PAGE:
Uh-Oh: Facebook Just Got a Whole Lot Creepier

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Top Tier Gear USA


I’ve been creeped out by Facebook for a long time now. The following story takes it to another level.

From Fusion:

While some of these incredibly accurate friend suggestions are amusing, others are alarming, such as this story from Lisa*, a psychiatrist who is an infrequent Facebook user, mostly signing in to RSVP for events. Last summer, she noticed that the social network had started recommending her patients as friends—and she had no idea why.

“I haven’t shared my email or phone contacts with Facebook,” she told me over the phone.

The next week, things got weirder.

Most of her patients are senior citizens or people with serious health or developmental issues, but she has one outlier: a 30-something snowboarder. Usually, Facebook would recommend he friend people his own age, who snowboard and jump out of planes. But Lisa told me that he had started seeing older and infirm people, such as a 70-year-old gentleman with a walker and someone with cerebral palsy.

“He laughed and said, ‘I don’t know any of these people who showed up on my list— I’m guessing they see you,’” recounted Lisa. “He showed me the list of friend recommendations, and I recognized some of my patients.”

She sat there awkwardly and silently. To let him know that his suspicion was correct would violate her duty to protect her patients’ privacy.

Another one of her female patients had a friend recommendation pop up for a fellow patient she recognized from the office’s elevator. Suddenly, she knew the other patient’s full name along with all their Facebook profile information.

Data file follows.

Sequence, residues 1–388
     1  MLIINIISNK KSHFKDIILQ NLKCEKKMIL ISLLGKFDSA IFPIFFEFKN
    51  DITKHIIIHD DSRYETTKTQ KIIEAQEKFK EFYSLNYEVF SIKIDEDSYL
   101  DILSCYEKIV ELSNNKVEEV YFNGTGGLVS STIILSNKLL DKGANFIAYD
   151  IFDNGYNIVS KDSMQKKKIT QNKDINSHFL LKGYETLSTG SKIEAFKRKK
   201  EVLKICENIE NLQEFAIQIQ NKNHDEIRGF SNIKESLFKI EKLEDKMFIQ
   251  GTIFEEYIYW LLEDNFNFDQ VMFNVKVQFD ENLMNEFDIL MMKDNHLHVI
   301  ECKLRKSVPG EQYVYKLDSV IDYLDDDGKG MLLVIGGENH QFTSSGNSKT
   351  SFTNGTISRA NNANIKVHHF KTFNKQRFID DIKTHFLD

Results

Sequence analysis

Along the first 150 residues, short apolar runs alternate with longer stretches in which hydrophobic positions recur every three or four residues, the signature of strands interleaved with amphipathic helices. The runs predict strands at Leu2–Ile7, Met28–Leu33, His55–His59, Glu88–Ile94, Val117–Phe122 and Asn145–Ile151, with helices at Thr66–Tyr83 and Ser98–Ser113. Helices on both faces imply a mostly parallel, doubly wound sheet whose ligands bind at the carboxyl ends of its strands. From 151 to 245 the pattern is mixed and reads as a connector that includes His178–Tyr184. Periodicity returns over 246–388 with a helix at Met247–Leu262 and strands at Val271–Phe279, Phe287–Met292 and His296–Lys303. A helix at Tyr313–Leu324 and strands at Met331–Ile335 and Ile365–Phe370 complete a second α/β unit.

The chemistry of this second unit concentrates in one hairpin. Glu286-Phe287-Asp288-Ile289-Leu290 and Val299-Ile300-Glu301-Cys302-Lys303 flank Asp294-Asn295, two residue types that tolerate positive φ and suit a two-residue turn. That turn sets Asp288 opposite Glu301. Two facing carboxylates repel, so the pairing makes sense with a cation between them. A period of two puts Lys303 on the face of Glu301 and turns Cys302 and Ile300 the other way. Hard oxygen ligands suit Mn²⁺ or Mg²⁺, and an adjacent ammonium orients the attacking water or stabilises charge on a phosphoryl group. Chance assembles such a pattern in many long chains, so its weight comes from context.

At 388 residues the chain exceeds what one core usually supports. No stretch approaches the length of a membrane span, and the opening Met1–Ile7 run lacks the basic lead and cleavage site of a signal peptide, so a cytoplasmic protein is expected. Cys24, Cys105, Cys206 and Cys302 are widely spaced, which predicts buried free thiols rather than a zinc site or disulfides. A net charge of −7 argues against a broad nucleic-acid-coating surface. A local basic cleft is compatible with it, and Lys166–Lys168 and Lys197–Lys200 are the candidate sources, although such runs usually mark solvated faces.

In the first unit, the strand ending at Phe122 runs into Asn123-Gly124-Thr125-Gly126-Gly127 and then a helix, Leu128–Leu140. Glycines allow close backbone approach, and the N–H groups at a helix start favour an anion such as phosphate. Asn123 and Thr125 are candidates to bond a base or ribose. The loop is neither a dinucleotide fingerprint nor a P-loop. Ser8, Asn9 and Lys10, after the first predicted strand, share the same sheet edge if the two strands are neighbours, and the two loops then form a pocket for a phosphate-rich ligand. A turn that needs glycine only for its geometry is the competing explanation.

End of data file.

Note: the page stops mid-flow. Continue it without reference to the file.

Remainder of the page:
“It’s a massive privacy fail,” said Lisa. “I have patients with HIV, people that have attempted suicide and women in coercive and violent relationships.”

Lisa lives in a relatively small town and was alarmed that Facebook was inadvertently outing people with health and psychiatric issues to her network. She’s a tech-savvy person, familiar with VPNs, Tor and computer security practices recommended by the Electronic Frontier Foundation–but she had no idea what was causing it.

She hadn’t friended any of her patients on Facebook, nor looked up their profiles. She didn’t have a guest wifi network at the office that they were all using. After seeing my report that Facebook was using location from people’s smartphones to make friend recommendations, she was convinced this happened because she had logged into Facebook at the office on her personal computer. She thought that Facebook had figured out that she and her patients were all in the same place repeatedly. However, Facebook says it only briefly used location for friend recommendations in a test and that it was just “at the city-level.

When Lisa looked at her Facebook profile, she was surprised to see that she had, at some point, given Facebook her cell phone number. It’s a number that her patients could also have in their phones. Many people don’t realize that if they give Facebook access to their phone contacts, it uses that information to make friend recommendations; so if your ex-boss or your one-time Tinder date or your psychiatrist is a contact in your phone, you might start seeing them pop up in the “People You May Know” list.

That’s my guess as to how this happened.

The above tale presents a good opportunity to revisit a post highlighted last year by Salim Varani titled, A Very Disturbing and Powerful Post – “Get Your Loved Ones Off Facebook.” In it, he warned: